EVEN before the current coronavirus crisis, more firms than ever were recognising the commercial and social benefits of being a responsive employer that listens to staff.

Now, in the midst of this unprecedented challenge for businesses big and small, these insights have never been more important. Indeed, for some companies understanding and acting upon staff feedback will be the crucial factor in determining whether they survive at all.

James Anderson has spent the last seven years helping businesses engage with their employees with the Peachy Mondays platform, an innovative cloud-based survey tool that delivers insights in real time. 

And with Covid-19 changing the way every business works – and perhaps putting a strain on internal relationships – the Lanarkshire-based outfit, which has a global customer base, is committed to helping firms communicate with employees in a constructive and responsive manner now, while preparing them for the aftermath of the global pandemic.      

“Home-working has suddenly become normal, and it’s a massive challenge for lots of people”, says Mr Anderson, Peachy Mondays’ co-founder. 

“One of the big questions for HR leaders right now is ‘How do we sustain the engagement and wellbeing of our staff when they’re all working remotely, or on the front line’?

“At some point there will be a return to a ‘new normal’. How can organisations prepare for that? We’ve never been in this exact situation before, but we can take one lesson from the global financial crisis a decade ago. The organisations that continued to invest in and engage with their workforce bounced back faster 
and higher.”

To help companies do that, Peachy Mondays is putting its money where its mouth is by offering a free employee “pulse-check”.

“I don’t think it’s ever been more important to engage with and listen to employees, to show that we care,” says Mr Anderson, a former professional musician who moved into tech.

“We know HR directors are flat out and may be struggling for budget, so I’m really proud of the fact that we’re offering a free Covid-19 employee survey that gets to the heart of wellbeing, enablement and communication needs, literally within minutes.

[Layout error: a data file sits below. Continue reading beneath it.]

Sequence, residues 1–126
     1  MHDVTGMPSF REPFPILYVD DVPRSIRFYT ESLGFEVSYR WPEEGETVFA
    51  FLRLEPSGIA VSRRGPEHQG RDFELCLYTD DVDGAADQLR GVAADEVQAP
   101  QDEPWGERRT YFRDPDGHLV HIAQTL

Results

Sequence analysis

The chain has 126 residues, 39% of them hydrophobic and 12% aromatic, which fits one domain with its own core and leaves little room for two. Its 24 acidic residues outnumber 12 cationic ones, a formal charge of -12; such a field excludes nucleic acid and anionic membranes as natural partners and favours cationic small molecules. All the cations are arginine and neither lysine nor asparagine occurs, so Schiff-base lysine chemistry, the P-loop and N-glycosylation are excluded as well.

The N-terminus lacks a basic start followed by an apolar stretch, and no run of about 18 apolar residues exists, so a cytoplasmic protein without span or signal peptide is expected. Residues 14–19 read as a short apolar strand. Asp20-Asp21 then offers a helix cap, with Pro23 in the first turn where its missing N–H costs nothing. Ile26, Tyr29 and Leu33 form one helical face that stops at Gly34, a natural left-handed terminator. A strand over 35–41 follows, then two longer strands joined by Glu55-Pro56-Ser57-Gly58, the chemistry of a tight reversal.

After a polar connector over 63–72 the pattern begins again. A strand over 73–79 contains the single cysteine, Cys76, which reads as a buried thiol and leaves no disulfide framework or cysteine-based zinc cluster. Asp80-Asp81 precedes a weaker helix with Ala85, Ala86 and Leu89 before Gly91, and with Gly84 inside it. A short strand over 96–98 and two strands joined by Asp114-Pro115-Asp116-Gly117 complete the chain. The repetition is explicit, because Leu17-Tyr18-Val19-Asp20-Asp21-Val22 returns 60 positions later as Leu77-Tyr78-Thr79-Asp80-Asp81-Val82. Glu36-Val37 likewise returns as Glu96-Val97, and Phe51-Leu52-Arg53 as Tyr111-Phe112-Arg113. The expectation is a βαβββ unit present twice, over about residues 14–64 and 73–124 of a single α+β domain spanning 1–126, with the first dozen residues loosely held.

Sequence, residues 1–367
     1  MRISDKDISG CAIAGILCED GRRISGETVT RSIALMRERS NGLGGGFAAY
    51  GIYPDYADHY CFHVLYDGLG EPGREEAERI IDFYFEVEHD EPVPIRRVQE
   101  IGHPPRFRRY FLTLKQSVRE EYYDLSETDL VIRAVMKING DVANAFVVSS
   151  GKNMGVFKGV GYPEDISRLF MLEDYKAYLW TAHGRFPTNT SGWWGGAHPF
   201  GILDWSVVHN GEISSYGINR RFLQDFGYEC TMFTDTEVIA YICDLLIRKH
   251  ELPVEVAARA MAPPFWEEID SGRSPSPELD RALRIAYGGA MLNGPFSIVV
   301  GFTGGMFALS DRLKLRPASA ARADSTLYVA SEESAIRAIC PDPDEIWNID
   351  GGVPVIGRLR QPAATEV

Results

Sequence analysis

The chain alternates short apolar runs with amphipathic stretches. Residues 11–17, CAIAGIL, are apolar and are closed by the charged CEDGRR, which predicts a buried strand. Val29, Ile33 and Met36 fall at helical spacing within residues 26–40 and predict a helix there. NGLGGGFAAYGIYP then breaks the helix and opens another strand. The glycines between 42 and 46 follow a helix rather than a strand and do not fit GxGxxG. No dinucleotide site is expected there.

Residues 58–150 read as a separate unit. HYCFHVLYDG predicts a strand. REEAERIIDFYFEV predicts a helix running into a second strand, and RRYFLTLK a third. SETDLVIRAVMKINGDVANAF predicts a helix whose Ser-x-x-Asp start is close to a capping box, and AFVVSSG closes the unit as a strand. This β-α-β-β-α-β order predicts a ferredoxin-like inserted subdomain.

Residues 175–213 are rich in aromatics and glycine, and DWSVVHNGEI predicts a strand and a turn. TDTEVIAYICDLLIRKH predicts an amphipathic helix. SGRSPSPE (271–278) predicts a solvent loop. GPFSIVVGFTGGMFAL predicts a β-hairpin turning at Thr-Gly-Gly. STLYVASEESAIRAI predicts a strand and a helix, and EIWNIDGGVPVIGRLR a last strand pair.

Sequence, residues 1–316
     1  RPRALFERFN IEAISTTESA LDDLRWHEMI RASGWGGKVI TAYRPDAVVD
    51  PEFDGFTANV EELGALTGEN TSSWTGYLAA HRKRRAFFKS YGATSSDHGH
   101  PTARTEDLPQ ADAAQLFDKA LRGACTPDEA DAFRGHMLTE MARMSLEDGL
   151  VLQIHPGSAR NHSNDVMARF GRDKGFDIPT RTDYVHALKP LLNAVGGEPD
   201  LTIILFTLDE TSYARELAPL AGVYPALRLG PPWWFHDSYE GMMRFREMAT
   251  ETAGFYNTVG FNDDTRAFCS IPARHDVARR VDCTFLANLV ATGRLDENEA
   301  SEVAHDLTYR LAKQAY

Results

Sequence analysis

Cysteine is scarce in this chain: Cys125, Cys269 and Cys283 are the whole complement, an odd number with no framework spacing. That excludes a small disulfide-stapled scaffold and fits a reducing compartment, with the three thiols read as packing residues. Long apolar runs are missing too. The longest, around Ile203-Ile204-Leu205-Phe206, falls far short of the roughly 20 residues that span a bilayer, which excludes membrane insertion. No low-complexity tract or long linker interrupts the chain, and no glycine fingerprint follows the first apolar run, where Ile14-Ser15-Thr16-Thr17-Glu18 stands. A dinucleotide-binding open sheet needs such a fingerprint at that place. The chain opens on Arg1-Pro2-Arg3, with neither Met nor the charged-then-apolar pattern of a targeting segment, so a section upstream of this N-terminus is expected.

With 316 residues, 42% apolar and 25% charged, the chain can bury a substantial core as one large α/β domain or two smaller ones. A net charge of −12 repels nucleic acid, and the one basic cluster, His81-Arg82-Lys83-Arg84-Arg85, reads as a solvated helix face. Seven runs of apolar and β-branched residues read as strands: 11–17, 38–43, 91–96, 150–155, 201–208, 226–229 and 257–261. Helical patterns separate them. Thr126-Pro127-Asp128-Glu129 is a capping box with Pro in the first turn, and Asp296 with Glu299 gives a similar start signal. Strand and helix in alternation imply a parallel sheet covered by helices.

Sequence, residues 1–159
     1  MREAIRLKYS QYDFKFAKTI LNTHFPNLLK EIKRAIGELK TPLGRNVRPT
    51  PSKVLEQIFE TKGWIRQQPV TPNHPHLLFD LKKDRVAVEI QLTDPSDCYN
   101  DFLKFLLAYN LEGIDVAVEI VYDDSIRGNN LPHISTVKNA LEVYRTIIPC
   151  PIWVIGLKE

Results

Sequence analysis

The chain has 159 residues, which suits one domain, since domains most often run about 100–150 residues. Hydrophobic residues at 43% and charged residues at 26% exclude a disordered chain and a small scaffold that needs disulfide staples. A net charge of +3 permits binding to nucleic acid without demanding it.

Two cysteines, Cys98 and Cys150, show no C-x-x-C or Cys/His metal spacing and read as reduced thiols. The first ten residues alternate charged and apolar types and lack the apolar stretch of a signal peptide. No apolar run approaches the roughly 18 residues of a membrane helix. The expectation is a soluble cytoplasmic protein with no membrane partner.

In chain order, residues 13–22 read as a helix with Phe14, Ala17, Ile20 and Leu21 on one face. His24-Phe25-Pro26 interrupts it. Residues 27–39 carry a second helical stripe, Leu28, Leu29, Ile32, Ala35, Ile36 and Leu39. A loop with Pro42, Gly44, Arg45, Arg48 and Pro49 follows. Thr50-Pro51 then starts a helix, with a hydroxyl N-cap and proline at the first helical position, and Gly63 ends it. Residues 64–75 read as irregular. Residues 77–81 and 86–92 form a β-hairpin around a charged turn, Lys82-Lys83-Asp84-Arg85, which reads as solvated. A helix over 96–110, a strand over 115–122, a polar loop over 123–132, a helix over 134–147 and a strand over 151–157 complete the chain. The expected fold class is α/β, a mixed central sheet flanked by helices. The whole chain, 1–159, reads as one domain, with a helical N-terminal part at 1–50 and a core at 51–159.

“The uptake has been great so far and we’re happy to help any organisation who gets in touch.

“One of the core strengths of our product is the ability to ask targeted follow-up questions whilst preserving the anonymity of the participants. 

“If you can get behind the initial responses you can action them much more successfully. 

“This democratisation of insights is really taking hold. These tools are no longer just for HR, they are for all people who contribute to a business. It’s about empowering staff and allowing managers to perform better.”

Managers and frontline workers alike will have to find new ways to be collaborative and productive across every sector in the weeks and months to come. And Mr Anderson is hopeful that the “inspirational” Scottish entrepreneurship scene will recover and rebuild. An important element of this, he says, will be the networking.

“When you are scaling up a business, there is a lot of good advice to be had from your peers, no matter what sector they are in,” he explains. “In the tech sector it’s also vital to talk to customers before you build your platform.”

Mr Anderson adds that interacting with business peers is one of the great strengths of the RBS Accelerator programme.

“Being an entrepreneur can sometimes be lonely experience,” he says. “The Accelerator gives you a cohort of like-minded people you can bounce things off. 

“The coaching is hugely helpful too, especially in terms of giving you a different perspective on your business.”


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